Jim Jordan Has Some ‘Real Concerns’ About Jan. 6 Committee’s Interest In Him

WASHINGTON, DC - JULY 28: Rep. Jim Jordan (R-OH) wears a mask while listening to testimony from U.S. Attorney General William Barr during a House Judiciary Committee hearing on Capitol Hill on July 28, 2020 in Washin... WASHINGTON, DC - JULY 28: Rep. Jim Jordan (R-OH) wears a mask while listening to testimony from U.S. Attorney General William Barr during a House Judiciary Committee hearing on Capitol Hill on July 28, 2020 in Washington, DC. In his first congressional testimony in more than a year, Barr faced questions from the committee about his deployment of federal law enforcement agents to Portland, Oregon, and other cities in response to Black Lives Matter protests; his role in using federal agents to violently clear protesters from Lafayette Square near the White House last month before a photo opportunity for President Donald Trump in front of a church; his intervention in court cases involving Trump's allies Roger Stone and Michael Flynn; and other issues. (Photo by Chip Somodevilla/Getty Images) MORE LESS

Rep. Jim Jordan (R-OH) on Wednesday predictably tensed up when asked about the Jan. 6 committee’s request for information related to the deadly Capitol insurrection.

Appearing on “Fox News Primetime” hours after he received the request, Jordan was asked to comment on it.

“I mean we just got the letter today, Brian,” Jordan replied to guest host Brian Kilmeade. But, he said, he’s “got real concerns” about the committee.

Jordan’s response to Kilmeade’s question was as frantic as other times he’s been asked about his activities on January 6.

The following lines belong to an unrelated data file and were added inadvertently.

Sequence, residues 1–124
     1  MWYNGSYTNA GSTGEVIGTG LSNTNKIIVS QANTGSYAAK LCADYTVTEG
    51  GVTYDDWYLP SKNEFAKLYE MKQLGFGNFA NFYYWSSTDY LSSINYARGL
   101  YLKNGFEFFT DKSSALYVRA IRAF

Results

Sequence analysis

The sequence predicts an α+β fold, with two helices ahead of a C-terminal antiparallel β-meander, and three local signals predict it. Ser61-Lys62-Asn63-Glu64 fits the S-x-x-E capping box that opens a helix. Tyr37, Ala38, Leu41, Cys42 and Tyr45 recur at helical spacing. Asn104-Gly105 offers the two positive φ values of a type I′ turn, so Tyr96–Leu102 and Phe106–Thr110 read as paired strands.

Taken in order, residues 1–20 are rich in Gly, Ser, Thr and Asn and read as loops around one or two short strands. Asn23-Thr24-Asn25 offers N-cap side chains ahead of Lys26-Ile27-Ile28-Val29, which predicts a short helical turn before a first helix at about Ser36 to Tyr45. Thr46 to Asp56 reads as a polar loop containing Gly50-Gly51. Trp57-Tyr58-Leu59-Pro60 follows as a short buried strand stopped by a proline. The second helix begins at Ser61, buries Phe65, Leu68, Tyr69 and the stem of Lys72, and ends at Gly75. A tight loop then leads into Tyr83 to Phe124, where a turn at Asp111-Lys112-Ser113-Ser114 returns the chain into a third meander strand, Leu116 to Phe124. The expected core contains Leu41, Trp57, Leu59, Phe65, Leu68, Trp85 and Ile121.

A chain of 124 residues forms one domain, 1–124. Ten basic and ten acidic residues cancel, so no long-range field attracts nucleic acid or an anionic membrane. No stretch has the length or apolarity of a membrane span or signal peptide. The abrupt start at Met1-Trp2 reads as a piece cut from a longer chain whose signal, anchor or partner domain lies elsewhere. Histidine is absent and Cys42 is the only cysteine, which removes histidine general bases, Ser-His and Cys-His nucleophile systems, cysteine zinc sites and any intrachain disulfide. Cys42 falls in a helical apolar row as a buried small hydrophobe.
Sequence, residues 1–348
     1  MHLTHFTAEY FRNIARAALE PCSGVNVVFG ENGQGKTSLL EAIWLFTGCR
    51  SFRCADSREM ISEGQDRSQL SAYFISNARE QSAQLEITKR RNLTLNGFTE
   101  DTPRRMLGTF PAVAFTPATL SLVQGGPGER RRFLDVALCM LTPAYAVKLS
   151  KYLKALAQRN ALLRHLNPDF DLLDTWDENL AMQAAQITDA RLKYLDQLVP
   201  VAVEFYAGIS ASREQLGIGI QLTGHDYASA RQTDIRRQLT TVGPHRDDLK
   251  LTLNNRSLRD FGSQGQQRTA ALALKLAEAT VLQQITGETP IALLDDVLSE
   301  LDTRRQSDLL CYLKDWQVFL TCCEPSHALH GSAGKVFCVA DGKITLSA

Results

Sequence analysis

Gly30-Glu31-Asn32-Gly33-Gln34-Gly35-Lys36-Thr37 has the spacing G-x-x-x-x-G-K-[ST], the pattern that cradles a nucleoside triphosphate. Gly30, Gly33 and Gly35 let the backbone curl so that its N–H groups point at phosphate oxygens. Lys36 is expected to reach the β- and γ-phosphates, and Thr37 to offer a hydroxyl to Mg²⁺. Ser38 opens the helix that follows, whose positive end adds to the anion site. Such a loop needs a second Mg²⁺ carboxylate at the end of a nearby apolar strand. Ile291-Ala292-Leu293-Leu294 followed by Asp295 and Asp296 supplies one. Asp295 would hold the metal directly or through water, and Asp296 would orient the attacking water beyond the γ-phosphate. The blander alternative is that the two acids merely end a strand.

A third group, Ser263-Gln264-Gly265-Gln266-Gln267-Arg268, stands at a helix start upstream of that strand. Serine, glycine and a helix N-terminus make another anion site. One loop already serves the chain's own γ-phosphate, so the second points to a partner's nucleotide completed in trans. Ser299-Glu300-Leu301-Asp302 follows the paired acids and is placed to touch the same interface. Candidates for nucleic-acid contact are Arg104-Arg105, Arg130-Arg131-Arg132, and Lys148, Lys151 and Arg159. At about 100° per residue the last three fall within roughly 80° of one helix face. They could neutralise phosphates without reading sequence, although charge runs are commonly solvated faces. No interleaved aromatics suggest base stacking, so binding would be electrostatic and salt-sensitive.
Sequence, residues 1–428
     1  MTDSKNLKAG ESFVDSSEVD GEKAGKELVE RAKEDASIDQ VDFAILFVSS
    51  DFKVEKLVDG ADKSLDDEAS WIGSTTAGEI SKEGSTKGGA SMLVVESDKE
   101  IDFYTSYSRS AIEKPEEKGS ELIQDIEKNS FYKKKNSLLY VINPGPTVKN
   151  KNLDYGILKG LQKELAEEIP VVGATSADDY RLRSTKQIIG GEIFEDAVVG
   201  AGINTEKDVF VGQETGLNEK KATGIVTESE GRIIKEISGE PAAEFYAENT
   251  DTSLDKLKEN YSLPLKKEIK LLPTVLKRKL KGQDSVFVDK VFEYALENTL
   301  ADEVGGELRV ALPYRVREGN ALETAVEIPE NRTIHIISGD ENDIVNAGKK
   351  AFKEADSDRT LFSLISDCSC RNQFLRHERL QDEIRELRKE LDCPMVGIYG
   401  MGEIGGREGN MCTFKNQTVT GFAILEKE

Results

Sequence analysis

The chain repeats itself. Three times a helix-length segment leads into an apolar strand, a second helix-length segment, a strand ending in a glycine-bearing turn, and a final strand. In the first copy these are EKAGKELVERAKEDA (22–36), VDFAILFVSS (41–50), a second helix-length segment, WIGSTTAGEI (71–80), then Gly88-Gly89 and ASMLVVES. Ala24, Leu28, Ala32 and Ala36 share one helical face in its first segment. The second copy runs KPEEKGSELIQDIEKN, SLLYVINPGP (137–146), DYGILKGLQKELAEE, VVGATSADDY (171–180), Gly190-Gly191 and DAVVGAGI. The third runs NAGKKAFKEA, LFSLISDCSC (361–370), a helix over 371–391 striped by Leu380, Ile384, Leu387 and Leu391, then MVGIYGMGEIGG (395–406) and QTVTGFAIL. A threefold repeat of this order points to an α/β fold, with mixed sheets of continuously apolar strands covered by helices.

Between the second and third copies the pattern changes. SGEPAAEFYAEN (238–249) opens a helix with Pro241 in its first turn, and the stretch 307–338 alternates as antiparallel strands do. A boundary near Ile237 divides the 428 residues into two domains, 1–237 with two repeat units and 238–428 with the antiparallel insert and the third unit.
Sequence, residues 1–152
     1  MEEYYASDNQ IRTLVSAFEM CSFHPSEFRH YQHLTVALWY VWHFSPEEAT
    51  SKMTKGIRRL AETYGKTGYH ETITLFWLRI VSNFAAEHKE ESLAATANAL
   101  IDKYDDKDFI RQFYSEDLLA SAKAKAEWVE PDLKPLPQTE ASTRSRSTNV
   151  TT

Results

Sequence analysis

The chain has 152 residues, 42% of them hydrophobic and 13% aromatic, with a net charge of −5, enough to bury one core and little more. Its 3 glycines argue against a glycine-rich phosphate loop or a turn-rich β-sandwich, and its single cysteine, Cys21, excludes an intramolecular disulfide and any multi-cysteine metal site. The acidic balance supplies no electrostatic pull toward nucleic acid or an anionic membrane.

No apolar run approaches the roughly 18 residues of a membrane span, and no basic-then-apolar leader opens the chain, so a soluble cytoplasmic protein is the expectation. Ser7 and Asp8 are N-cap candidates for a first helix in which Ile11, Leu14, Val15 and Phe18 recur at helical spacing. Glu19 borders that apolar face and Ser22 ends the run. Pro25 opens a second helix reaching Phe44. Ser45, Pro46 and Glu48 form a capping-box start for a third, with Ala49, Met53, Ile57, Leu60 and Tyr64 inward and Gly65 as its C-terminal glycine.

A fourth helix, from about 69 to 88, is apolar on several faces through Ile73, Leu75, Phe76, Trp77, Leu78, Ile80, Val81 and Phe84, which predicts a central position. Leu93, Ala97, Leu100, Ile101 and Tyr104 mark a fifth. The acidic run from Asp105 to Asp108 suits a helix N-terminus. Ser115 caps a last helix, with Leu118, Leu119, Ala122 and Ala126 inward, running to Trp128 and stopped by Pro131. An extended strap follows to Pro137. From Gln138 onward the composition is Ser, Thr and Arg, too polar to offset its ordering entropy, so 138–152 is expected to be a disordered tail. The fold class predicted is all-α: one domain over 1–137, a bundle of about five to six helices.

“We’re going to review the letter,” he said, “but I gotta be honest with you. I got real concerns about any committee that will take a document and alter it and present it to the American people — completely mislead the American people like they did last week,” Jordan said, appearing to refer to a hearing earlier this month where Rep. Adam Schiff (D-CA), a member of the committee, read part of a text that an at-the-time unnamed lawmaker had sent to Meadows.

In a chin-scratching defense of Jordan, the right-wing outlet the Federalist soon outed the lawmaker as the sender while simultaneously accusing Schiff of purposefully distorting the text. (The “misrepresentation,” in sum, amounted to changing an em dash to a period.) The outlet also wailed that Schiff had failed to mention that Jordan was not sending his own thoughts on how to subvert the election, he was forwarding along a lawyer’s thoughts.

Shortly after publishing its supposedly groundbreaking revelation, Jordan’s office confirmed to Politico that Jordan was the lawmaker behind the text.

In his response to Kilmeade, Jordan also griped about House Speaker Nancy Pelosi’s (D-CA) decision to veto an effort by Minority Leader Kevin McCarthy (R-CA) to place Jordan and Rep. Jim Banks (R-IN) on the Jan. 6 committee. Both had voted to challenge the certification of Joe Biden’s electoral victory.

Jordan’s latest appearance on Fox News adds to his string of minor freakouts in the past several months whenever he’s asked whether he spoke to Trump on Jan. 6.

Since he first appeared to admit to reporters that he spoke to Trump on the day of the insurrection, Jordan has gone back and forth on whether he did in fact have any conversations with the then-president and, if so, when and how often those talks occurred.

Watch Jordan’s remarks below:

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